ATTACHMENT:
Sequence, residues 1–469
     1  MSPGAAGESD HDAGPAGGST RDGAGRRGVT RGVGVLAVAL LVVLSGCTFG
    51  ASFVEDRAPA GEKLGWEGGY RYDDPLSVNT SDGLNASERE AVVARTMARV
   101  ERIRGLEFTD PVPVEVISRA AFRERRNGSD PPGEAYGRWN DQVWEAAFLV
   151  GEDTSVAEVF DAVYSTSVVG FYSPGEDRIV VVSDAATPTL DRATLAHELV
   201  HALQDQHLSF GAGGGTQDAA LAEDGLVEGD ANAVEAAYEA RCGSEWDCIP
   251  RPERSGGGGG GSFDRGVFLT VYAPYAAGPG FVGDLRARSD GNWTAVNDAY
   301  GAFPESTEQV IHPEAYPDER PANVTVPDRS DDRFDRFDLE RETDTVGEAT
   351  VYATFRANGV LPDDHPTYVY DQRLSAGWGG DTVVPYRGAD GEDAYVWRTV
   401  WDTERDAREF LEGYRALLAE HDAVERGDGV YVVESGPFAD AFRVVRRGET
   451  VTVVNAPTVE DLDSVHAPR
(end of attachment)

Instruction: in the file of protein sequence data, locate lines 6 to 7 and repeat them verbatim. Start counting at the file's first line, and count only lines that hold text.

   201  HALQDQHLSF GAGGGTQDAA LAEDGLVEGD ANAVEAAYEA RCGSEWDCIP
   251  RPERSGGGGG GSFDRGVFLT VYAPYAAGPG FVGDLRARSD GNWTAVNDAY